Focus On

ABORIGINAL LANDS - Courts - Jurisdiction

Friday, March 26, 2021 @ 6:09 AM  


Lexis Advance® Quicklaw®
Application by the Shawanaga First Nation for a declaration the respondents were trespassing on the First Nation’s property and for an order granting the First Nation a Writ of Possession requiring the respondents to vacate the property. The First Nation purchased a property from Pawis in 2019. Prior to the purchase, Pawis rented a house on the property to the respondents. The respondents stopped paying rent to Pawis in 2015. They refused to vacate the property. In 2018, the respondents met with one of the First Nation’s lawyers at a free law clinic to discuss a dispute with the First Nation’s chief and council.

HELD: Application allowed. The respondents’ previous meeting with the applicant’s counsel did not give rise to a conflict of interest given the property in issue was not owned by the First Nation in 2018. The respondents effectively abandoned any claim to tenant status when they stopped paying rent. The Shawanaga First Nation Land Code did not govern the relationship between the parties. The court continued to have jurisdiction with respect to issues affecting land following the adoption of the Land Code. The matter did not raise constitutional issues that were required to be heard in the Federal Court. The Superior Court had jurisdiction over the dispute. The respondents had no licence or other interest in the land. No right of possession accrued to them. Their refusal to vacate the property made them trespassers on the land.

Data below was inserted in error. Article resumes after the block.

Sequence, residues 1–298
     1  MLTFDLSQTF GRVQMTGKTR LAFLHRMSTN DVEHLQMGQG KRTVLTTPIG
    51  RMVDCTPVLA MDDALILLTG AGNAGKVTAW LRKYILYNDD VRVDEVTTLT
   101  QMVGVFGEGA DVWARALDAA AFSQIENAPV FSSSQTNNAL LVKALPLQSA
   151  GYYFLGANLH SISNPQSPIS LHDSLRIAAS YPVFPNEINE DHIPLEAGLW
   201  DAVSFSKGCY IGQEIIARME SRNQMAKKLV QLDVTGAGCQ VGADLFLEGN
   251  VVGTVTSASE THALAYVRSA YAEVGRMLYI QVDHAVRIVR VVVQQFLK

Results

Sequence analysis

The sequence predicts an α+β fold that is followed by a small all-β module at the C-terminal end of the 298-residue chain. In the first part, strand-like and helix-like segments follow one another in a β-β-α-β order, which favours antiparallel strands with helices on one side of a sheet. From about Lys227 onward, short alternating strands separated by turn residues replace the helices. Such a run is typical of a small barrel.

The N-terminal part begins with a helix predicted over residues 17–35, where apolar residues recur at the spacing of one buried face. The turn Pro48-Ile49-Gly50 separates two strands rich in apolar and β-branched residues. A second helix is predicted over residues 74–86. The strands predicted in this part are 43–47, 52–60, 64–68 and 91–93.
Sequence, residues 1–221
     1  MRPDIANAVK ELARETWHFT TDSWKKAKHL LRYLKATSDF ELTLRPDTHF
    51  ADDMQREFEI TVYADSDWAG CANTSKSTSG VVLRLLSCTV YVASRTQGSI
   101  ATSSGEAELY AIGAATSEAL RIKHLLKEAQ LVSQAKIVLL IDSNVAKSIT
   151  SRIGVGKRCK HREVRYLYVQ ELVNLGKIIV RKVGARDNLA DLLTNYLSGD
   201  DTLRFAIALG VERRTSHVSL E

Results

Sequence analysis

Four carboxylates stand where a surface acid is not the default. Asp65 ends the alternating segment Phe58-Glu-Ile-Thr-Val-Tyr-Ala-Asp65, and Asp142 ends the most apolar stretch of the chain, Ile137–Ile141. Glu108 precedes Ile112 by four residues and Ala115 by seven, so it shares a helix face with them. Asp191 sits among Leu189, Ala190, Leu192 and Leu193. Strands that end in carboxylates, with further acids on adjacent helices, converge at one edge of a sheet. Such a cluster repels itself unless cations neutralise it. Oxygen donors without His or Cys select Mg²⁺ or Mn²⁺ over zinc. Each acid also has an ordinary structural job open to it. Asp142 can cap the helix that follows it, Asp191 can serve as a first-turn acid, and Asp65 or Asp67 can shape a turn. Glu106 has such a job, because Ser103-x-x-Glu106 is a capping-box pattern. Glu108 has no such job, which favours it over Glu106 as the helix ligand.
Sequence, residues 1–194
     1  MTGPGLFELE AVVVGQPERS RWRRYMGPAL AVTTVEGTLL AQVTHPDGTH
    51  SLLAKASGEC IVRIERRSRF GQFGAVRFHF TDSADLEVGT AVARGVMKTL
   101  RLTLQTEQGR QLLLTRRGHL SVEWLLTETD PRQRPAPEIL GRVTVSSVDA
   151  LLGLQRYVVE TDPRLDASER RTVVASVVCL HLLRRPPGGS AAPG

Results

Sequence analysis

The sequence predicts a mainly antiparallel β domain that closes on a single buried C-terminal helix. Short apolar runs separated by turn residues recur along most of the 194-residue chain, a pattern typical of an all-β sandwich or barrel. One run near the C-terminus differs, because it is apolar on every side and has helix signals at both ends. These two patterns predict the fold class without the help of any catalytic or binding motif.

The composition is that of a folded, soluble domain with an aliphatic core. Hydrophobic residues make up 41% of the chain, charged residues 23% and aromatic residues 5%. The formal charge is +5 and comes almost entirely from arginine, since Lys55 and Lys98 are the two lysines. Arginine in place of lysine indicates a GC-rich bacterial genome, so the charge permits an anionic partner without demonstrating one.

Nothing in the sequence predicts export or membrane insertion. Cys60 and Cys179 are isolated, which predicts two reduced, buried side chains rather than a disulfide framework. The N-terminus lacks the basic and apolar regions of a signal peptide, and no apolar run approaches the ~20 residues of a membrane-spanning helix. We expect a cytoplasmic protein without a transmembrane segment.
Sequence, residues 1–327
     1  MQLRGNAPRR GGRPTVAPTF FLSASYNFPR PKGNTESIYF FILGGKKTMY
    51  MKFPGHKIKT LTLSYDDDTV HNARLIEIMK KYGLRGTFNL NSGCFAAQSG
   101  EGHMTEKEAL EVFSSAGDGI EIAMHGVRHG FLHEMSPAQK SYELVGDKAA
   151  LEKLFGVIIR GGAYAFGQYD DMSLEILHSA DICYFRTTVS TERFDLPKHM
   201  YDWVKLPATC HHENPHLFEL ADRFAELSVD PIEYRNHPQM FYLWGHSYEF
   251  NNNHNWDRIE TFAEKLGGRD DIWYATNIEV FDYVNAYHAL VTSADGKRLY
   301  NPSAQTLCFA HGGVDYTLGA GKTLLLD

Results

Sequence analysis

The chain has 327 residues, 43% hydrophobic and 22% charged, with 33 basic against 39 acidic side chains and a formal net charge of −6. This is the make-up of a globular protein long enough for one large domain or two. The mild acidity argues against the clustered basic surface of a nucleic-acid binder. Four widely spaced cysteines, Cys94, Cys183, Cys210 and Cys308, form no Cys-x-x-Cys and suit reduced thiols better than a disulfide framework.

Shawanaga First Nation v. Ladouceur, [2021] O.J. No. 520, Ontario Superior Court of Justice, E.J. Koke J., February 3, 2021. Digest No. TLD-March222021009